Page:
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lawmakers alike for a long period of time. Te Arkansas Supreme Court first attempted to define infamous crime in 2005 in State v. Oldner, a case against the mayor of Dumas for removal of of- fice. Te state petitioned for removal after the mayor had been convicted of witness tampering, abuse of office and theft. Te court held that the framers intended infamous crimes to include those that involve elements of deceit and dishonesty and that would “impugn the integrity of the office.” Addressing the issue again in 2010 in Edwards v. Campbell, the court elaborated on the standard, indicating that whether the underlying elements involve deceit or dishonesty is what is important, not how severe the commission of the crime was or the punishment imposed. Tis proved especially true in a case from 2013, State v.Cassell, in which a sheriff was removed from office for a misdemeanor theft conviction from 1979, after taking chickens from an overturned Tyson truck. Te court that


it would not consider the cir- cumstances of the crime. Because the sheriff had been convicted of the infamous crime of theft, regardless of when it occurred or the fact that the chickens


have been discarded anyway, he was disqualified from serving in office. Some legislators believed that infamous crime could be de- fined still more specifically. In 2013 the legislature passed a bill to do just that; however, because the Arkansas Supreme Court cases concerning infamous crime were interpreting the Arkansas Con- stitution, the only way to effectively change the definition was through a constitutional amendment. State Rep. David Brans- cum, the sponsor for both Act 724 of 2013 and the infamous crime portion of the Issue 1 referendum, said his efforts were spurred by the recent Arkansas Supreme Court cases. Branscum wanted to prevent public officials from being subject to unneces- sary litigation based on someone’s personal vendetta because, as he stated, without a precise definition of infamous crime, the phrase could be interpreted however one wanted to interpret it. Tus, Branscum’s proposed definition was intended to leave little to no room for subjective interpretation. Now the new subsection (b) of Article 5 § 9 reads: “‘infamous crime’ means: (1) a felony offense; (2) abuse of office as defined under Arkansas law; (3) tampering as defined under Arkansas law; or (4) a misdemeanor offense in which the finder of fact was required to find, or the defendant to admit, an act of deceit, fraud, or false statement, including without limitation a misdemeanor offense related to the election process.”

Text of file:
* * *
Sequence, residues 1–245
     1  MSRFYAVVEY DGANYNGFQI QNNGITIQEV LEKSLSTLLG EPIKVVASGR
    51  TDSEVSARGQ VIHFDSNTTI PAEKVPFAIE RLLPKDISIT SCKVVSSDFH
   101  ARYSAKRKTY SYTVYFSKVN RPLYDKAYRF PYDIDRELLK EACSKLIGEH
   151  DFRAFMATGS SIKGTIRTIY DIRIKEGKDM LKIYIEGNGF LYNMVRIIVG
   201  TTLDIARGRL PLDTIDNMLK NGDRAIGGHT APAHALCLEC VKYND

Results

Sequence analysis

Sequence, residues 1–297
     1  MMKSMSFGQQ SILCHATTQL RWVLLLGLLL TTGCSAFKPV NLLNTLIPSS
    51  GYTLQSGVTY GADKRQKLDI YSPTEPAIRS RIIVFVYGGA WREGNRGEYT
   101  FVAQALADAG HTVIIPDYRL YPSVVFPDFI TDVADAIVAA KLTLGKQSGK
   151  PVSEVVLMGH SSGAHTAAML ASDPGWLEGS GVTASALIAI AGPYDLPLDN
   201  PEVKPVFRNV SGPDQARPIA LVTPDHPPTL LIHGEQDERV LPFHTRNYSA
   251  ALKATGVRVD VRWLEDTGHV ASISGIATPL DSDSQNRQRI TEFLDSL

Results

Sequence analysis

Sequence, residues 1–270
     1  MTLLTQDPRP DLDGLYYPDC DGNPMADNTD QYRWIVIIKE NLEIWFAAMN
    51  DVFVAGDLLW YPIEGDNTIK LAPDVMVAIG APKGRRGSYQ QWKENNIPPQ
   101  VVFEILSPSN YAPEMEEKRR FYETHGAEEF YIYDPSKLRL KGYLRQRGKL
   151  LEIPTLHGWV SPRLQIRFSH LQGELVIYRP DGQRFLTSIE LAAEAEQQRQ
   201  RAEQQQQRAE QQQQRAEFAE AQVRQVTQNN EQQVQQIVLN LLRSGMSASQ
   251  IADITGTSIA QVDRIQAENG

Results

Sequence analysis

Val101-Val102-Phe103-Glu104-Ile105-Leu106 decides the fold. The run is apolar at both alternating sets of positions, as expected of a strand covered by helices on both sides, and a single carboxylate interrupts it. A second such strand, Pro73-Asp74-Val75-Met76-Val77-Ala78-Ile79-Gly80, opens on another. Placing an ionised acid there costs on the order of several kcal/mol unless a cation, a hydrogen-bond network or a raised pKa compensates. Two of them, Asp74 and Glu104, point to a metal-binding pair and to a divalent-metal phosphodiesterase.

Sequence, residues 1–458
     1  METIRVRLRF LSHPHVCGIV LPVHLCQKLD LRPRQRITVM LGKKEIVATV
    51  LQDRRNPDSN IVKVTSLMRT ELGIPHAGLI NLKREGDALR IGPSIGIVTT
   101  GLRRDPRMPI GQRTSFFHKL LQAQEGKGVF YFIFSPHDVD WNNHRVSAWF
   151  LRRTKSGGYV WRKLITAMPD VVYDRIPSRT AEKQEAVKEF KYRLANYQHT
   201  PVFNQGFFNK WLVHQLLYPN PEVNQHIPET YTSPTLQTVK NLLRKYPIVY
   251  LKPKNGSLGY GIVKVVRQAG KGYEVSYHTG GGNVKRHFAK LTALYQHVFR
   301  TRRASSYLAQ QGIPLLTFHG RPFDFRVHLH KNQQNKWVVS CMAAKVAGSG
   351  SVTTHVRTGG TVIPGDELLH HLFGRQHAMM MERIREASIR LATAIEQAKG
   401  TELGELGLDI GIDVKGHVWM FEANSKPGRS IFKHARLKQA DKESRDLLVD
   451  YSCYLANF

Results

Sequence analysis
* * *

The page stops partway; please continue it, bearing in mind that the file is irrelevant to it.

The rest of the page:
rticle 7 § 53 will have the effect of limiting the capacities in which county elected officials can serve as members

or officers of other boards and organizations. ... Tis portion of Issue 1 will likely be the most contentious moving forward.

Civil Office

One final provision of Issue 1 amends Article 7 of the Arkansas Constitution by adding § 53, which states: “a person elected or appointed to any ... county offices shall not, during the term for which he or she has been elected, be appointed or elected to any civil office in this state.” Article 7 § 53 will have the effect of lim- iting the capacities in which county elected officials can serve as members or officers of other boards and organizations. Tis pro- vision is almost identical to Article 5 § 10, which applies to mem- bers of the Arkansas General Assembly: “No Senator or Represen- tative shall, during the term for which he shall have been elected, be appointed or elected to any civil office under this State.” How- ever, both the drafters of the older provision that applies to leg- islators and the new amendment that applies to county officials declined to define the term “civil office,” ultimately leaving the interpretation


to the courts. Tis portion of Issue 1 will


likely be the contentious

moving forward. To date, the Arkansas Supreme Court has said that “a civil of- fice is a grant and possession of the sovereign power,” and sovereign pow- er is the authority of

the state to act. Te court has further emphasized that Article 5 § 10:

[was] designed and intended as a protection against the possible conflicts in interests a member of the legislature might have as an elected official with the power, influence, and authority to create positions and offices, and the inter- est he might have as a private citizen who would desire to hold such civil office by appointment or election.

Moreover, the Arkansas Supreme Court and the Arkansas At- torney General have repeatedly stated that “[i]n many of the States the Constitution merely prohibits legislative representatives, dur- ing their terms, from holding an office created during that term, or where the salary of the office is increased during the term. But the language of our Constitution is broader.” Te implication is that Article 5 § 10 does not simply prohibit legislators from tak- ing a position that they themselves created or enhanced, the con- stitutional provision is meant to prevent legislators from using their position in office for self-aggrandizement. In defining what constitutes a civil office, the court has declined to lay down any

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